So as you suggested, a trial would just come down to whether the jury believes the expert witness’s opinion. I’m pretty confused why everyone on the Internet talks about Garner and Graham, Section 1983 / 4th Amendment cases.

    1. SHG Post author

      I spent about 10 emails with a reporter trying to explain why Graham (Garner has nothing to do with it) isn’t precedent in a cop defendant case, but that it de facto becomes the test because of how it plays out in the trenches. They’re not good with ambiguity. You’re absolutely right, the law is no different for a cop than any other shooter, but it still plays out under Graham. Because reasons.

    2. Mark

      SHG may have seen it in Amnesty International’s DEADLY FORCE POLICE USE OF LETHAL FORCE IN THE UNITED STATES, about which he wrote previously. The report states,

      “Only eight states require that a warning be given (where feasible) before lethal force is used, however no state meets the requirement for a warning under international standards: Connecticut; Florida, Indiana; Nevada; New Mexico; Tennessee; Utah and Washington.”

      1. SHG Post author

        You prolly meant this as a reply to Andrew Case, but he wasn’t referring to my saying so, but to Rubenfeld’s saying so in his op-ed. Either way, it’s a little too law-nerdy to worry about, as it doesn’t change anything about his argument.

          1. SHG Post author

            Not your fault. I get to watch stuff spiral out of control here all the time. At least your law-nerdiosity was informative.

          2. Mark

            (I’m just nerdy). The politically difficult solution would be a statute governing use of lethal force and incentivizing the police to use less than lethal force prior to its use. The status quo makes it pretty easy to create a story afterwards to fit the facts after the killing is done.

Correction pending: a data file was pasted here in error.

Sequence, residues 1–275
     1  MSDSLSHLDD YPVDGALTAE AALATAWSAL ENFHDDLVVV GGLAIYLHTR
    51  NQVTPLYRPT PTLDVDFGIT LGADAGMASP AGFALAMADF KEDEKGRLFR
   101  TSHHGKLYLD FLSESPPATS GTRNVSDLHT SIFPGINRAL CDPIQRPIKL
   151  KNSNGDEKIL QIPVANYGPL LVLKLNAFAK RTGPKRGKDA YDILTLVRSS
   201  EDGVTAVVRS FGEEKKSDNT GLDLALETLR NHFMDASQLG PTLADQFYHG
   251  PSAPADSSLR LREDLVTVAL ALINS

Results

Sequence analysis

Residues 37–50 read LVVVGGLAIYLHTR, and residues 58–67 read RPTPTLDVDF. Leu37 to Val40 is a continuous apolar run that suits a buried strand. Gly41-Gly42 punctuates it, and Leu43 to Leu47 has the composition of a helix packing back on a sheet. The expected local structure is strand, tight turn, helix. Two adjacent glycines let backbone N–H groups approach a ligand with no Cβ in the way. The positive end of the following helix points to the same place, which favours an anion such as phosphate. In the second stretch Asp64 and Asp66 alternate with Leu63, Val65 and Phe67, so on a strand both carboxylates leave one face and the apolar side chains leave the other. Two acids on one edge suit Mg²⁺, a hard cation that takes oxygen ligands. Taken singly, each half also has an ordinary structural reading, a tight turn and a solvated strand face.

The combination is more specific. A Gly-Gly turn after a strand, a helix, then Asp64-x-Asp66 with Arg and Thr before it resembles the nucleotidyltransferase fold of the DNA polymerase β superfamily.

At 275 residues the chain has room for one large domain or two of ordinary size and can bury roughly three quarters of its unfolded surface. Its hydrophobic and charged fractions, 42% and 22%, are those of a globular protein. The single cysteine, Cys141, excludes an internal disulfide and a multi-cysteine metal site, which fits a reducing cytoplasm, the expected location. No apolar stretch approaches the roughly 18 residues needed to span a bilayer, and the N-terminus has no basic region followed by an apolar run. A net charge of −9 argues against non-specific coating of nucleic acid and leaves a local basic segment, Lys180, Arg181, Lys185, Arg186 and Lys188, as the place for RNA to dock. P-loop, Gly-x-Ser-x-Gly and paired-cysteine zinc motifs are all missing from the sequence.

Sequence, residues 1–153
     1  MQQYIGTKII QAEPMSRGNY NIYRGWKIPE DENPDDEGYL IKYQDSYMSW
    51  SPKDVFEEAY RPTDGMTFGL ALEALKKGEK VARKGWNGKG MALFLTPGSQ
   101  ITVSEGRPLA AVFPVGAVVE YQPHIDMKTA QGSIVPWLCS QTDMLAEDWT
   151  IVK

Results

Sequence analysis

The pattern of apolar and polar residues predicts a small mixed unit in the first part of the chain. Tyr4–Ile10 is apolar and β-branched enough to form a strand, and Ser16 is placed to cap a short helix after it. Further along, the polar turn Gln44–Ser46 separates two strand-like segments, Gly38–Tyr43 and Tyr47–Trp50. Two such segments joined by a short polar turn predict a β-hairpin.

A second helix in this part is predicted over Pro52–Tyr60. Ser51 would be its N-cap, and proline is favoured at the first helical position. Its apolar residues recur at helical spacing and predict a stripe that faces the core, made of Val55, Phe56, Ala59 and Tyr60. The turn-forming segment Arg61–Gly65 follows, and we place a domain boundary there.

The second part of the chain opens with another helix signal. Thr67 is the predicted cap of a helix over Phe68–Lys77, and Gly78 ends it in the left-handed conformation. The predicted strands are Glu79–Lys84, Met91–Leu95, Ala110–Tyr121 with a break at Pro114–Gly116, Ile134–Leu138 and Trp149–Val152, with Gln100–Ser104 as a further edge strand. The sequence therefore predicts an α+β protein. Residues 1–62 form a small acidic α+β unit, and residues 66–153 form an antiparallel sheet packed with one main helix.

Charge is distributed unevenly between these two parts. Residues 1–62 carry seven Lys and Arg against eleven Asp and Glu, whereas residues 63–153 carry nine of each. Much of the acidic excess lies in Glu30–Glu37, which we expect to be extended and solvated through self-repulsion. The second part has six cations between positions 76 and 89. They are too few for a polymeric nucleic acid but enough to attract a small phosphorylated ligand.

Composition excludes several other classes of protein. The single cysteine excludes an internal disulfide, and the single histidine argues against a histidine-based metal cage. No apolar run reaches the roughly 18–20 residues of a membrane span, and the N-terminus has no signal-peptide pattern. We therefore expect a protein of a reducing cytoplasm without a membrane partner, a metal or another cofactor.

5. EH

    Perhaps it’s best to take the Hawaii tactic: deterrence works when it is frequent and predictable (even if it’s very “light”) better than if it is infrequent and harsh.

    The question of when a cop should be convicted of criminal murder is a tricky one, given cops’ unusual situation and necessary discretion to shoot people. And it seems to have few legs practically speaking: nobody really wants to blame individual cops.

    But if we make it relatively simple for the family of a wrongfully-killed person to obtain a civil judgment against the city (not the individual cop or the department, to avoid as much defendant bias) by imposition of an appropriate civil standard, then the departments have a much greater incentive. Obviously it isn’t really the appropriate thing for a murder–but nonetheless it would probably be a lot better in terms of results. And in the context of civil liability for police shootings you can add a presumption of liability, e.g. for deaths in custody, while executing an improper warrant, while unarmed, etc.

      1. EH

        Do you think police are immune to financial incentives?

        Police departments are money hungry and there’s no evidence that they won’t respond to expensive, predictable, ongoing liability the way that everyone else does: reduce liability-causing behavior. OTOH, if the only risk is the super-rare 1:100,000 chance that the cop will actually be filmed and/or convicted, the incentive is gone.

        1. SHG Post author

          Doubling down on cluelessness is no way to go through life. I realize you can’t control yourself, so have someone pull the plug on your computer before you do yourself more harm.

          Edit: Now I feel bad for treating you like the idiot child, so I will explain, briefly, why your notion is moronic. Cop couldn’t care less if the city pays out awards. It happens all the time, in huge numbers, and means nothing to the cop on the beat. It is not a financial incentive. It doesn’t affect the police department. It means nothing.